The exhibition received overwhelming support and reviews and I was very proud to be invited to be part of it”.

A visitor of the Sightsavers BLINK! exhibition looks at a photograph of a woman lying in a meadow of wildflowers (Tommy Trenchard/ Arete/ Sightsavers)

Sightsavers, through ‘The End is in Sight’ campaign, aim to bring life-changing treatments to some of the most vulnerable communities across Africa. In 2019 they beat trachoma in Ghana and have now set their sights on eliminating the disease everywhere else by 2025. A straightforward surgery costing just £44 can reverse the disease and bring back eyesight for late-stage sufferers. Those with the beginning stages of the disease can take antibiotics costing just 15p per treatment. Up until January 9th 2020, the UK government will match all donations up to £2 million, to find out more or how you could make a difference please visit the Sightsavers website or their Medium page.

Are you an NGO, charity, agency, or corporation with your own story to tell? Here is how to get in contact.


SDG 17: Partnerships for the goals

SDG 17: Partnerships for the goals

SDG 17: Partnerships for the goals
Suzanne Harerimana, 24, harvests vegetables from her kitchen garden in Mirehe Colin, Mpinga commune, Rutana province, Burundi. These kitchen gardens are an initiative by UNICEF and WFP to help families improve their diet and fight malnutrition (Photo: Kevin Ouma / Arete)

The final Sustainable Development Goal (SDG) aims to revitalise the global partnership for sustainable development and strengthen the means of implementation of all of the goals; at the heart of SDG 17 is partnership and cooperation between governments, the private sector and civil society. These inclusive partnerships built upon a shared vision and shared goals that place people and the planet at the centre, are needed at all levels of civil society.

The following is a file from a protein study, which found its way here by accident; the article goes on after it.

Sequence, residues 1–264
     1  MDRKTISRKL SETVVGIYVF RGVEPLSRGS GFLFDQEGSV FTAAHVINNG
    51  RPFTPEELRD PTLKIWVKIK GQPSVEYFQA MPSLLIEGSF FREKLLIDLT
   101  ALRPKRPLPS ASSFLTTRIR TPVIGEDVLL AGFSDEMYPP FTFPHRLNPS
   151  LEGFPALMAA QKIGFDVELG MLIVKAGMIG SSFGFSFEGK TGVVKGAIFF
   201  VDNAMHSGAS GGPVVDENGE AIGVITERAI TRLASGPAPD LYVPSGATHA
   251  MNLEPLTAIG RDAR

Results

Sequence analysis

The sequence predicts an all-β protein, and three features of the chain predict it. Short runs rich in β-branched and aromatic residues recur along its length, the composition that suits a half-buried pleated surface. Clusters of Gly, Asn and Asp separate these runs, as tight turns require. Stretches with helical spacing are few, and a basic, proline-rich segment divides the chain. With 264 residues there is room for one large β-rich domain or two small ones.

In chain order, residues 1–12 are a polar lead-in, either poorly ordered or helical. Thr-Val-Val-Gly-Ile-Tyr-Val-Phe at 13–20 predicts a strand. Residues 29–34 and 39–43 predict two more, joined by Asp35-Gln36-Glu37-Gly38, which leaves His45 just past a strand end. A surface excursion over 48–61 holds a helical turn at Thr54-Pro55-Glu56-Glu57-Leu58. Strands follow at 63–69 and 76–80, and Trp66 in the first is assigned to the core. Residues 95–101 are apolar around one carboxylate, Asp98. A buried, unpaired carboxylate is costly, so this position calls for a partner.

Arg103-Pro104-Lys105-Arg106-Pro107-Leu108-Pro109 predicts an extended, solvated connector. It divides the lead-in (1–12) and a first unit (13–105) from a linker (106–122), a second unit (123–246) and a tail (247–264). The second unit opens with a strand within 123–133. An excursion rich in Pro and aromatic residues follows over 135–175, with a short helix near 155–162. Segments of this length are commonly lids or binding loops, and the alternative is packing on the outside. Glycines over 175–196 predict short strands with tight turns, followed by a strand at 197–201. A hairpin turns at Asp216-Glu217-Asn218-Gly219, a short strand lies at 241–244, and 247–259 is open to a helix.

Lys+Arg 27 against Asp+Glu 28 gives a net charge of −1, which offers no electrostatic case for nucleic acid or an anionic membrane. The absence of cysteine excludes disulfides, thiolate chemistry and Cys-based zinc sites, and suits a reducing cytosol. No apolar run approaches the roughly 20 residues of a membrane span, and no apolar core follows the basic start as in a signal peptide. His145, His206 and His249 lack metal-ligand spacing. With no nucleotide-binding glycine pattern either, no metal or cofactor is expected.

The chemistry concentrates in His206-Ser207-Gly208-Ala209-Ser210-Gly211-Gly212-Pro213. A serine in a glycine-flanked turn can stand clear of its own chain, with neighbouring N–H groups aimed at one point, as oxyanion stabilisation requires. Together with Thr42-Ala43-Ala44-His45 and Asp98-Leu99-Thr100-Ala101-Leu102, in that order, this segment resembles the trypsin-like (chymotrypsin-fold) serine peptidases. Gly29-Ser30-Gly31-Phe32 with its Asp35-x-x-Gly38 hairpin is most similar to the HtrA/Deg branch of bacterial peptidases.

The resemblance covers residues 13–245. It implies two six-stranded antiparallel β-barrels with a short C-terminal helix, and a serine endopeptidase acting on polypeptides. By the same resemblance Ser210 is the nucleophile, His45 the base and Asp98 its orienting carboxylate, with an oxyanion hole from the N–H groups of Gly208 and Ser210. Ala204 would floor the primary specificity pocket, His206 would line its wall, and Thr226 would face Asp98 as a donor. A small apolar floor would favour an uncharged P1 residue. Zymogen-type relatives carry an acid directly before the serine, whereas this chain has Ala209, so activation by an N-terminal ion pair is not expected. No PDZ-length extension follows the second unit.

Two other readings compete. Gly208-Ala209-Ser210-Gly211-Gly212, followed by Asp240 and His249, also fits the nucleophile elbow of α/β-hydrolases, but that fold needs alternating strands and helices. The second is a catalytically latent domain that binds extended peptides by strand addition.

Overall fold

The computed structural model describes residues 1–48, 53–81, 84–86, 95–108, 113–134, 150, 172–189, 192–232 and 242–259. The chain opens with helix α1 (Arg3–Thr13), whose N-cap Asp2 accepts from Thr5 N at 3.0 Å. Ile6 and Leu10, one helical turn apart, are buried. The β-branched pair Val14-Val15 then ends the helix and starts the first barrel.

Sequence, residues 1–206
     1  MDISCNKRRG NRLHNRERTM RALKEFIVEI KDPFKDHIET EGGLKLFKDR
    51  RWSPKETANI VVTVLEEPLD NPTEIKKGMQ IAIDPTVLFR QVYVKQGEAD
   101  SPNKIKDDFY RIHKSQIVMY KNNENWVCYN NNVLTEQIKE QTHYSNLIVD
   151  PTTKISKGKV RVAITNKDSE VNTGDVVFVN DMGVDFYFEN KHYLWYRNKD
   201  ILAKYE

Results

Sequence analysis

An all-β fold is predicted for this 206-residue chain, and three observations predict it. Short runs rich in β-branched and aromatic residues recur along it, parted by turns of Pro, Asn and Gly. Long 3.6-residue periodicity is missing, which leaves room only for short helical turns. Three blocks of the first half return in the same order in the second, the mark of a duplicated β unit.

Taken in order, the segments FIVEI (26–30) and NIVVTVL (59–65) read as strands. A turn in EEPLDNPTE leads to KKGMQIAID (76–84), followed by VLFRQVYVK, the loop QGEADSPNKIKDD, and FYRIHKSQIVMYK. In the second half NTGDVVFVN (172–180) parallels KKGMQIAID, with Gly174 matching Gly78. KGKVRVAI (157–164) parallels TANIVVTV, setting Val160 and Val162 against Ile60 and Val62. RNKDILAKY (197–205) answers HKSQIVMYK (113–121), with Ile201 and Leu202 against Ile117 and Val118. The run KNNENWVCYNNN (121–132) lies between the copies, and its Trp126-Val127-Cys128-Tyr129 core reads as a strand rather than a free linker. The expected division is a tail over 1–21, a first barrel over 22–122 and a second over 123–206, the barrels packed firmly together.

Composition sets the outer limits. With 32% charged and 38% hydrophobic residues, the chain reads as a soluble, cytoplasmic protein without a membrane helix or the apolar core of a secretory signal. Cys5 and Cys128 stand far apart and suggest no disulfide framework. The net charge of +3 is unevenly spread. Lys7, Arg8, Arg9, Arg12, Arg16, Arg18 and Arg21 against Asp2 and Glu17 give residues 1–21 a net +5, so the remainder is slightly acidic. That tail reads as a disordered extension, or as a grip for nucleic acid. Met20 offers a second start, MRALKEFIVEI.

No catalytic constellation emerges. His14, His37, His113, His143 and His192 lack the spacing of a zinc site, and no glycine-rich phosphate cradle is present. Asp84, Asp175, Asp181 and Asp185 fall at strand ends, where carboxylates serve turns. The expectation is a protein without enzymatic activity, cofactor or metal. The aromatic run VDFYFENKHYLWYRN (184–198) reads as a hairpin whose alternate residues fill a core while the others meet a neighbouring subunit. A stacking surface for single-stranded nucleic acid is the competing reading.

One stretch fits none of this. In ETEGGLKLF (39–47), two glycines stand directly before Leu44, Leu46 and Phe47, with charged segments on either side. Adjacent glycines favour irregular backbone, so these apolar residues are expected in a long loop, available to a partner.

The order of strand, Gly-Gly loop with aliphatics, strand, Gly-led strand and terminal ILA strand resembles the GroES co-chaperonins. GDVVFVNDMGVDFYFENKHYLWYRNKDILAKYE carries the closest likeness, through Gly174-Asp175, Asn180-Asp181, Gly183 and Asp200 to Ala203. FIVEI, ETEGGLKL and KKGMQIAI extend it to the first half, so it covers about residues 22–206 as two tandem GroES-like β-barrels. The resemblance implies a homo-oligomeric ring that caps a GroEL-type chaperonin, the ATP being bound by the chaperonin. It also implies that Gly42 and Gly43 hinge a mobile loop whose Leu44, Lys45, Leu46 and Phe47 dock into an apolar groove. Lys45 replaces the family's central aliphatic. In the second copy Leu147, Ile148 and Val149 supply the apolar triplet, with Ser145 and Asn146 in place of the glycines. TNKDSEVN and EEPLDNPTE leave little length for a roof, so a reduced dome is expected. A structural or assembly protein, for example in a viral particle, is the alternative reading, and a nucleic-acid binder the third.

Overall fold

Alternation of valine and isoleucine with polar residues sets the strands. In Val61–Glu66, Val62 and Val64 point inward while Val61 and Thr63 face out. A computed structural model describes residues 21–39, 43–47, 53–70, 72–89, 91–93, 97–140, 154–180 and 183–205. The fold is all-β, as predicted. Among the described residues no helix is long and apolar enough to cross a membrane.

The UN Conference on Trade and Development says that to achieve the SDGs will require between $5 and $7 trillion in annual investment. However, as of 2016, only 6 countries were meeting the international target to keep official development assistance at or above 0.7% of gross national income. With the world being more interconnected than ever, improving access to technology and knowledge is an important way to foster innovation and make the SDGs more attainable for many of the worlds developing countries.

 

We are already seeing this cooperation at a UN Agency level with joint missions carried out where both agencies have similar goals. In Burundi we worked on a joint mission between UNICEF and the World Food Programme (WFP) to create films and stories to highlight solutions to malnutrition; Through this cooperation, UNICEF and the WFP were able to achieve excellent coverage across Burundi and raise awareness about malnutrition worldwide.

To mark the first UN summit on the SDGs on 24th and 25th September 2019, we have been publishing a daily blog on how we help organisations to meet the Sustainable Development Goals. Check out our blogs here.


SDG 16: Promote peaceful and inclusive societies